More, perhaps, than any other culture in the ancient world or since, the Egyptians were struck by the rhythms of the universe. Everyone is aware of the rising and setting sun, night and day, the moon’s monthly cycle, the seasons, birth and death, etc., but only the Egyptians made a religion of these recurrences. Possibly it was the Nile River that made them realize how dependent they were on continuity, for every year the river flooded its banks turned the entire country into a shallow lake, and four months later the water receded enough to plant. Any time the flood levels were low there would be famine and any time there was too much water villages would be destroyed.

As leader of the country, it was the King’s job to ensure the willingness of the gods to work for the maintenance of order and the continuation of these natural cycles for life itself depended on them. The Pharaoh was thought to be partially divine in order to facilitate his work with both humans and gods.

Akhenaten tried to convince his people that there was only one God, Aten, but the experiment in monotheism did not survive the death of the Pharaoh who introduced it. Otherwise the Egyptians were a remarkably tolerant people when it came to matters of religion. There were no atheists or agnostics, of course, but there is no evidence of the sort of “my view of god is better than your view of god” that is all too common in interdenominational and inter-religion relations today.

In theory the Pharaoh was the chief priest and appointed a High Priest in each of the temples to act in his absence. In reality every temple functioned as an independent unit and more often than not the High Priest got his job the same way other men got theirs: by being the son of the predecessor. Each god or goddess had his or her own cult center that operated without ties to any other organization. Even when two or more temples worshipped the same god or goddess, they usually operated as unrelated entities.

There was no catechism or official body of doctrine that all worshippers were expected to believe, nor were there congregations in the manner of churches today. Worship was carried out by the priests, not by ordinary people, and was designed to ensure the gods and goddesses looked with favor on Egypt. It was not designed to facilitate a relationship between the individual and his deity.

A statue of the god or goddess was kept in a cupboard in the sanctuary. Every day a priest would clean the statue, change its clothes, and offer food and drink. The statue, a man-made representation, was a home for the god or goddess in the same way that a mummy was a home for a person’s Ka and Ba: no one thought of the statue as the real thing any more than would a modern Christian offering prayers to a Crucifix or a statue of the Virgin Mary.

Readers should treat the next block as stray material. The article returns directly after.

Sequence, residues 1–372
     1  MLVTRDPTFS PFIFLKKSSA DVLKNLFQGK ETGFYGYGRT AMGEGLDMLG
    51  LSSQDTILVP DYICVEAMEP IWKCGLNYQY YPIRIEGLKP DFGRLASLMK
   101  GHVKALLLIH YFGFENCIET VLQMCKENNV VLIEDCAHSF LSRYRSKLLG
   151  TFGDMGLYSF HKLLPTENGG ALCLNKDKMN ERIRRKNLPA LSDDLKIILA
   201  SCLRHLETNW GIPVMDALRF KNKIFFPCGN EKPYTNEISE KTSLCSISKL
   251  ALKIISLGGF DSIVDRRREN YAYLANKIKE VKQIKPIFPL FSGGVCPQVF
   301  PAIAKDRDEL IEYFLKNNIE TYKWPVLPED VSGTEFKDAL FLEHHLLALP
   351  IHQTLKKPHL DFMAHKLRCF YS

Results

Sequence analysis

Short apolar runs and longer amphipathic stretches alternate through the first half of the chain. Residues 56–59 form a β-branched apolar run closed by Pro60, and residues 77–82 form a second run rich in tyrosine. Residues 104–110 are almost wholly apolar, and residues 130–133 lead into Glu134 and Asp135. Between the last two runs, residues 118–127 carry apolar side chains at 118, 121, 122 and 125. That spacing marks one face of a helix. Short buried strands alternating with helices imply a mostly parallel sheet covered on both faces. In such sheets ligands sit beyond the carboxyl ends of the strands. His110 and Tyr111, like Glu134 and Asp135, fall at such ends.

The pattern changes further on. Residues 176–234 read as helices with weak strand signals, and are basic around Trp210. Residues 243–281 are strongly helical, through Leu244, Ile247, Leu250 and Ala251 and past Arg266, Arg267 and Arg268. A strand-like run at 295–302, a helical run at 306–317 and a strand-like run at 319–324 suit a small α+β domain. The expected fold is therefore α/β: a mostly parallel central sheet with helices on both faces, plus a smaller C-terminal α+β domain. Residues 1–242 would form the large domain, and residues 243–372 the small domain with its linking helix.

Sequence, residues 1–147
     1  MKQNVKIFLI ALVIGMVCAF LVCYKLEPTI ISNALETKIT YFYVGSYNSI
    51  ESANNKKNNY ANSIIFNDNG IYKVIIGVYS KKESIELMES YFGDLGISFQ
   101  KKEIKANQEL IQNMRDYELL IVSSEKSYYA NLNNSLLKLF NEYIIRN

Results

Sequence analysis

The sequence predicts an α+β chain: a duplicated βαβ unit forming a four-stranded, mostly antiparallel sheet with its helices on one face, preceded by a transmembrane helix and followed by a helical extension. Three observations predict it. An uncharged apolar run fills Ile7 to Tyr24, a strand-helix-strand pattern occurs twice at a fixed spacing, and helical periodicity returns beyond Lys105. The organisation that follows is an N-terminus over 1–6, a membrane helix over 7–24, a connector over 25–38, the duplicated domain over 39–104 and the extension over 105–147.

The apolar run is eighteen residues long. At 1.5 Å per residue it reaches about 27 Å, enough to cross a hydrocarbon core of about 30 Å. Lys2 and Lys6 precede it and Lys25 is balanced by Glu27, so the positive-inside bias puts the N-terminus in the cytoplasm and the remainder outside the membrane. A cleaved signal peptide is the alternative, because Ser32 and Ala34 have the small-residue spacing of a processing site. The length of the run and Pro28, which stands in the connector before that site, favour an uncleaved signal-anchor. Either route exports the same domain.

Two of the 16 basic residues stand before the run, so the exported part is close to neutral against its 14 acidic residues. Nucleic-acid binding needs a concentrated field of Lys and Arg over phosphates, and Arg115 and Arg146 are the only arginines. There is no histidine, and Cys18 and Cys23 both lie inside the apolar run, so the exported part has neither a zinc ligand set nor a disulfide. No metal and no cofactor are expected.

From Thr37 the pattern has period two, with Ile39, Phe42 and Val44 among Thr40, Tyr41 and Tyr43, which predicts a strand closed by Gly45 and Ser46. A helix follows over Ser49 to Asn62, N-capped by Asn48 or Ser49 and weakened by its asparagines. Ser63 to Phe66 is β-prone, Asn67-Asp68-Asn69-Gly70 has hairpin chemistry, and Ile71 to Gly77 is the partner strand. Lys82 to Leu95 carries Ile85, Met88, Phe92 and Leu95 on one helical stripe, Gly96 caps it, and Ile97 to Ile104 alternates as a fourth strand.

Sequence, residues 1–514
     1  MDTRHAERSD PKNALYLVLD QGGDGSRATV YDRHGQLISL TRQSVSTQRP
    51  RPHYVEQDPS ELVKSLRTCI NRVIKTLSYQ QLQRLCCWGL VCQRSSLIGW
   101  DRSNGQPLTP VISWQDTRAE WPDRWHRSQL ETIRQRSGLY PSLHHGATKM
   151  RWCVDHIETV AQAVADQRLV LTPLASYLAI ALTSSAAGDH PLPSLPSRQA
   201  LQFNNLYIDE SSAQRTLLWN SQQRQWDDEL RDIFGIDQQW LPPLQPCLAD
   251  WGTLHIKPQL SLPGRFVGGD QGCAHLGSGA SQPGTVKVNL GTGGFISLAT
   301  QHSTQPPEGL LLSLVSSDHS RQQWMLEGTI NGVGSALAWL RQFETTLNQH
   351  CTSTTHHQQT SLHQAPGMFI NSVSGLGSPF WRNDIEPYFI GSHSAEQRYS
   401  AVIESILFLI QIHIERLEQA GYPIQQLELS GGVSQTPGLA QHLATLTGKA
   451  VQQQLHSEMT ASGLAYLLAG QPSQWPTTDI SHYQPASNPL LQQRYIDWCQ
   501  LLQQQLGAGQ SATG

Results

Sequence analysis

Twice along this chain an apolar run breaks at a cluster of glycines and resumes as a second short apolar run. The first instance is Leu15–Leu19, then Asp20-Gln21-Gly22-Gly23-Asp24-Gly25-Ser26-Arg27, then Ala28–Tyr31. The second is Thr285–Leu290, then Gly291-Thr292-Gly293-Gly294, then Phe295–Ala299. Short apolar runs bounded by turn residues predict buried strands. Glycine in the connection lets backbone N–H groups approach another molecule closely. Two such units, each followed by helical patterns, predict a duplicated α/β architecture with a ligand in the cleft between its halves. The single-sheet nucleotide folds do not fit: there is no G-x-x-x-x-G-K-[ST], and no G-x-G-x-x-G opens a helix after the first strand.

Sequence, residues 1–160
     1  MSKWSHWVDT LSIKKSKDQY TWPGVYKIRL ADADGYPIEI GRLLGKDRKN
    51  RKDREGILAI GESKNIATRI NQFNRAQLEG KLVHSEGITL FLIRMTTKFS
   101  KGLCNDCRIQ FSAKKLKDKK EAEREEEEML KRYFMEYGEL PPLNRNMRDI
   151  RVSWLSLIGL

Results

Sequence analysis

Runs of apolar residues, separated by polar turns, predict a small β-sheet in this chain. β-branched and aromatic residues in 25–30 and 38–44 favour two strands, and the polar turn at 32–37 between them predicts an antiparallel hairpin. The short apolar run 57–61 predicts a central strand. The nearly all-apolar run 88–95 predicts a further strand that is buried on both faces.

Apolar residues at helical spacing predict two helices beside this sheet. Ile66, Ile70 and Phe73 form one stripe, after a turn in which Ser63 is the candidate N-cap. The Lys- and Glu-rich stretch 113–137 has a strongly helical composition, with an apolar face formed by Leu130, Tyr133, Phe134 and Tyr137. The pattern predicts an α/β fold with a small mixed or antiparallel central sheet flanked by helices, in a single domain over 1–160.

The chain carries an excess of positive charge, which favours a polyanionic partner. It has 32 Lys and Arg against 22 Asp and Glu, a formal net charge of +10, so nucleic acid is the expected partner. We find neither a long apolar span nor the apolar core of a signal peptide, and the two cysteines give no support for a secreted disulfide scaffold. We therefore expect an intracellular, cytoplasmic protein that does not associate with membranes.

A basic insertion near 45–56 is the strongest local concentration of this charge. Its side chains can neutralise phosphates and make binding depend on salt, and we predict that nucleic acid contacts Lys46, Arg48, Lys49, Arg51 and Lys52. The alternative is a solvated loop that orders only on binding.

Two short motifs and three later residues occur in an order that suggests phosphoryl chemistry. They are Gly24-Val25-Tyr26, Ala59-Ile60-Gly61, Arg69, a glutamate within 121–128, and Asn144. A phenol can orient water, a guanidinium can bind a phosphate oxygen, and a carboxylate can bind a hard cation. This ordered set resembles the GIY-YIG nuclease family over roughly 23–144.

Occasionally the statue was taken out of the temple and paraded around for the masses to see. This would be a time of feasting and celebration. While some provided a place for ordinary people to present their petitions or to offer personal prayers, temples existed to propitiate the gods. Those seeking a more personal relationship with the divine worshipped household gods at home.

It is a truism that the Egyptians were a very conservative people. They had no real objection to new ideas, but they tended to layer the new on top rather than discard the old. Where we see contradiction, they saw further clarification. There are several creation myths: modern people would say that while they could not believe any of them, logic would decree that if one were true the others had to be false. The Ancient Egyptian would see no reason not to accept them all despite the differences.


Isis was undoubtedly the most popular goddess in Ancient Egypt. She is normally pictured as a woman with the hieroglyphic sign for a throne on her head. Her enormous popularity, however, led to a merging with other goddesses, so, for example, she can often be found wearing Hathor’s cow horns and solar disk. The Greeks equated her with both the moon goddess Astarte and the corn goddess Demeter.

Most Egyptian temples had a corner reserved for the worship of Isis, but it was not until Dynasty XXX (The Late Period) that Isis got her own temple in the Eastern Delta. Other temples followed soon after at Philae (just south of Aswan) and at Denderah.

She was often thought of as the protector goddess and was one of the deities that guarded the four corners of the king’s sarcophagus. It was as a loving and faithful wife and mother, however, that Isis was best known and revered.

As king of Egypt, the god Osiris taught his people to harvest crops and to worship the gods. His brother Seth was jealous enough of Osiris popularity but he was absolutely furious that Isis and not he was made regent while the king traveled to spread his ideas around the world. Seth killed his brother by locking him in a box and tossing it into the river. The box drifted downstream, into the Mediterranean Sea and ended up wedged in a giant tamarisk tree in the palace of the King of Byblos.